“What obstacles have gotten in the way of you recording this CD? How have those obstacles helped you grow?”

“This feels big, unknown, all about faith. How does it feel to know it’s in God’s hands? Do you ever just want to plan it out or change course to something more predictable?”

This is just a sampling of the questions I had for Jessica. But even this sampling makes me realize that perhaps my questions were more about my fears than Jessica’s. Hmmm…maybe this 38 year old has something to learn from a 17 year old?

I should’ve just started with these and left it at that…

“Tell me more about how God’s prompted you in the quiet to follow your dreams.”

“Do you believe this is God’s call on your life?”

It was then, when I put away all the fears and what ifs, that Jessica was able to lay out for me, very clearly, God’s call on her life to become a Christian singer and songwriter.


Jessica grew up in a household that was filled with music. Both of her parents are licensed ministers of music, so she heard her parents tell lots of stories about their music ministry. Jessica had a whole host of opportunities to perform and lead worship from a young age. In fact, she knew early on that her future was going to be in music and ministry. When Jessica was eight years old, she wrote an entry in her journal titled “Goals for my Music.” The third goal? “Record my original album by the time I am 17.” It was around this time that Jessica also began writing songs in her journal.


From then on, there was a “continual calling” on Jessica’s life to become a singer and songwriter. Jessica explained all the “little signs along the way” that were an affirmation of the calling. As each event unfolded, Jessica knew. God was calling. This is what she was meant to do with her life.


When Jessica was approximately 12 years old, she wanted to learn how to play the guitar. She kept telling her parents she wanted to play guitar, but her parents had been insisting for years that she learn piano first. So she learned some basic piano and chords, and then found an old guitar in the basement and taught herself enough so she could start putting chords to the songs she was writing. It was then that Jessica’s parents realized how serious she was about guitar. They got her a guitar for Christmas and signed her up for guitar lessons, which very quickly morphed into songwriting lessons as well.



In May of 2012, Jessica suddenly got very sick. That summer, she often used a wheelchair to get around because of all the pain and fatigue. After a year of many doctor visits and extensive tests, she was finally diagnosed with chronic Lyme disease.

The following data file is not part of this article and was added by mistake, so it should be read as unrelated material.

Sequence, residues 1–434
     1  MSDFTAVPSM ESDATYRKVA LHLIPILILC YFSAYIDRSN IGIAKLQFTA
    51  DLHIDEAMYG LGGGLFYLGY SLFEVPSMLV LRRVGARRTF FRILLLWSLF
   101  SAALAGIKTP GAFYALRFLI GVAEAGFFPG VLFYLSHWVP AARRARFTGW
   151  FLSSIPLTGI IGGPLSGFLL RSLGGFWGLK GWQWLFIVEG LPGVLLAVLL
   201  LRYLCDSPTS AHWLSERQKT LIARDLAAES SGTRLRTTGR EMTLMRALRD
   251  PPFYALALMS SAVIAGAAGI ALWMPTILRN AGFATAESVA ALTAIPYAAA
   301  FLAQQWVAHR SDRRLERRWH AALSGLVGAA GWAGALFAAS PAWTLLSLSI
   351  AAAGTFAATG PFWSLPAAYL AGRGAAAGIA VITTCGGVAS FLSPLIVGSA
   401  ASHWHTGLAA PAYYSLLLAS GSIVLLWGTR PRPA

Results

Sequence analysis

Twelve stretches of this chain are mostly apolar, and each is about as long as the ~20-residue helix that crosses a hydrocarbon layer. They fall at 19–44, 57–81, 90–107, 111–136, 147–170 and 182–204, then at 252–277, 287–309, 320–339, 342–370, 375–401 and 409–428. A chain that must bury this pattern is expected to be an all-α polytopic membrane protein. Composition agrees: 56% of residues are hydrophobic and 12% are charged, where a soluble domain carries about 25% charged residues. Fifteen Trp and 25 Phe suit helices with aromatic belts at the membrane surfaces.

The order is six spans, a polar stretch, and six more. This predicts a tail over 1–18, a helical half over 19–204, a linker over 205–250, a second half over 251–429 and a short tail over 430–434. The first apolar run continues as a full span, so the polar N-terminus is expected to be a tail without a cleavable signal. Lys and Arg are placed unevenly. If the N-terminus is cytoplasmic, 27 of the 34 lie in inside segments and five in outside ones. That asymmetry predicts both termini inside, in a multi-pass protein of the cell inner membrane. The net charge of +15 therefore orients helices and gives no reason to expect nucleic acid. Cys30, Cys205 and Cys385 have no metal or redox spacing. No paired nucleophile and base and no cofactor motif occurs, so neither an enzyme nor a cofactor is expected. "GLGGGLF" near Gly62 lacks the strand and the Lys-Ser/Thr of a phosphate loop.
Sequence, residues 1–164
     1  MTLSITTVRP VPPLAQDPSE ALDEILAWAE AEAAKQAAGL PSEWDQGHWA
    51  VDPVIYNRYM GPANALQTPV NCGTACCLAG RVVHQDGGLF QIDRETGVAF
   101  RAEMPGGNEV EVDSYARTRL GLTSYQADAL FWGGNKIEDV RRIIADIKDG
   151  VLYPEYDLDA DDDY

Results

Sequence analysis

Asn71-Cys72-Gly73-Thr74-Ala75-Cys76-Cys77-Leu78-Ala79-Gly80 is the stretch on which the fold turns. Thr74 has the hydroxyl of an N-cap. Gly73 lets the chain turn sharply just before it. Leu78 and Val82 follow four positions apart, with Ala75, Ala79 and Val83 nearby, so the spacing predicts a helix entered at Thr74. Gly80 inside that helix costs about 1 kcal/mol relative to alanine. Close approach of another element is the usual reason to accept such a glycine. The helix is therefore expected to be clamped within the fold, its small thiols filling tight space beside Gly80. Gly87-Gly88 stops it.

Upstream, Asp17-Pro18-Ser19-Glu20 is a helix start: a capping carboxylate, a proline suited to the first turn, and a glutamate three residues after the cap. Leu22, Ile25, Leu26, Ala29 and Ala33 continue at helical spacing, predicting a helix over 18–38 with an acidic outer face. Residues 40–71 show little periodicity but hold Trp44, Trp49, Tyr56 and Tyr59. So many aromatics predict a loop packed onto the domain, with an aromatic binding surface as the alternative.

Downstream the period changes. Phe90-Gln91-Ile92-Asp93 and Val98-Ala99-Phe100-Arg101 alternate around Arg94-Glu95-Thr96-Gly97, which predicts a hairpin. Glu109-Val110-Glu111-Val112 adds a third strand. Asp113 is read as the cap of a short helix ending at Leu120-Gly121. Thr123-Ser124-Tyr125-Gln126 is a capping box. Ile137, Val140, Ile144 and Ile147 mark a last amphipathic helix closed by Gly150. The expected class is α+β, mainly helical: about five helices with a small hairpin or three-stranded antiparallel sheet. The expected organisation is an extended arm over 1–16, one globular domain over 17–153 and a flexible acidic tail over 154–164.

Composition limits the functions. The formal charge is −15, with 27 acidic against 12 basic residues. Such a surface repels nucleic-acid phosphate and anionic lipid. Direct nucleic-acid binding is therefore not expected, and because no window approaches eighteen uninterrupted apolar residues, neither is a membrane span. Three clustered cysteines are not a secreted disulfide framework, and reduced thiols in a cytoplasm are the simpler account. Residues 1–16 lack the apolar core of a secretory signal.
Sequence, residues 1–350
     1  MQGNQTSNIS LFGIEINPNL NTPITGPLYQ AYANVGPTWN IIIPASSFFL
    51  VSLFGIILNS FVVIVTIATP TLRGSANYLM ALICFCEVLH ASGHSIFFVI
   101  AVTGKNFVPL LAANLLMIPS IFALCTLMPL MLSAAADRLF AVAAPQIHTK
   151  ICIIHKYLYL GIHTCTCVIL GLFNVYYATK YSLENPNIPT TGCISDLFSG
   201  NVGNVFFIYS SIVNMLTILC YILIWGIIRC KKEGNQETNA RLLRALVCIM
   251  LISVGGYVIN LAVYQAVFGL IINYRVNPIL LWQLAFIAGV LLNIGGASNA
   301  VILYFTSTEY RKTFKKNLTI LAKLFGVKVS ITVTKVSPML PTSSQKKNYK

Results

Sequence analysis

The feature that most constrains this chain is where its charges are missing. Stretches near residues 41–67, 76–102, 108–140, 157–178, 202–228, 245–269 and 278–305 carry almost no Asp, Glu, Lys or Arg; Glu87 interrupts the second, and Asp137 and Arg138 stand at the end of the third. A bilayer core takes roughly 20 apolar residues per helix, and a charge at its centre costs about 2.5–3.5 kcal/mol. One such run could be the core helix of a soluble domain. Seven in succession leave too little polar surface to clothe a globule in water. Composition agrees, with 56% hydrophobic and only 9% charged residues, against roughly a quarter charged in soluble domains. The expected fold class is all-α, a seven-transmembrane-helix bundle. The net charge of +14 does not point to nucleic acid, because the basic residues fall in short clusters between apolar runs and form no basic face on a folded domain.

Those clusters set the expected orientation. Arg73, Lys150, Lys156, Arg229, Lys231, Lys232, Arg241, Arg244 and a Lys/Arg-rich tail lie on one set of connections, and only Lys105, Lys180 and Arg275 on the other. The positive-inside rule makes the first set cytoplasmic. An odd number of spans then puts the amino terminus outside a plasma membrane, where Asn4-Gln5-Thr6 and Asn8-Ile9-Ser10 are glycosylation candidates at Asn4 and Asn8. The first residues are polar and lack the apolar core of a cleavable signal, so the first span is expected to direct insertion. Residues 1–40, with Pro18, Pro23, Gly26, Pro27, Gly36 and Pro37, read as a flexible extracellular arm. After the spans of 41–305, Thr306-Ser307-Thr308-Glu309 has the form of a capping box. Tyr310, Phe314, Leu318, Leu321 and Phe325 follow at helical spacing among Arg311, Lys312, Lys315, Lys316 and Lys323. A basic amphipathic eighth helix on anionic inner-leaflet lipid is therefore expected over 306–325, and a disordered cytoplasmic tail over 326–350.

Jessica continues to battle this illness, so she’s had to learn how to manage her chronic Lyme. It has impacted her physical strength and support for singing and performing. She has pain in her hands, which makes it harder to play guitar. And pain in her feet, which makes it hard to stand for lengths of time or walk long distances. But as Jessica reminds us, God wastes nothing. Many of the songs she’s written have come from her battle with chronic Lyme disease. If you listen closely to some of her songs, you can, in fact, hear her pain and all the ways God’s helped her overcome it.


The week Jessica began treatment for chronic Lyme disease, she received a prophetic word from a friend’s mom. She prophesied many things God was speaking over Jessica Joy’s life, including this: “Worship is your weapon…I am giving you the ability and authority to prophetically sing over people – the enemy will release his grip on those I call you to sing over…I have given you an open door to usher in My Kingdom to the Nations.” She also wrote “You are chosen, anointed for such a time as this. I will waste nothing in your life.” This was before Jessica wrote the song “You Waste Nothing,” before she knew she’d record her first CD and it would be titled “Nothing Wasted.” God was speaking blessing into Jessica Joy’s life long before she knew what was to come.

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Jessica wrote her song, Beauty for Ashes, and recorded it as her first single in the summer of 2012. She was 15 years old. Remember, when Jessica was eight years old and wrote the journal entry titled “Goals for My Music,” her second goal was “Professionally record a single by the time I am 15.” On a whim, she decided to enter Beauty for Ashes in the Gideon Media Arts Conference and Film Festival Music and Songwriting Competition, an annual national conference for professionals in the film, writing and music industry. She submitted the song in the last five days entries were accepted.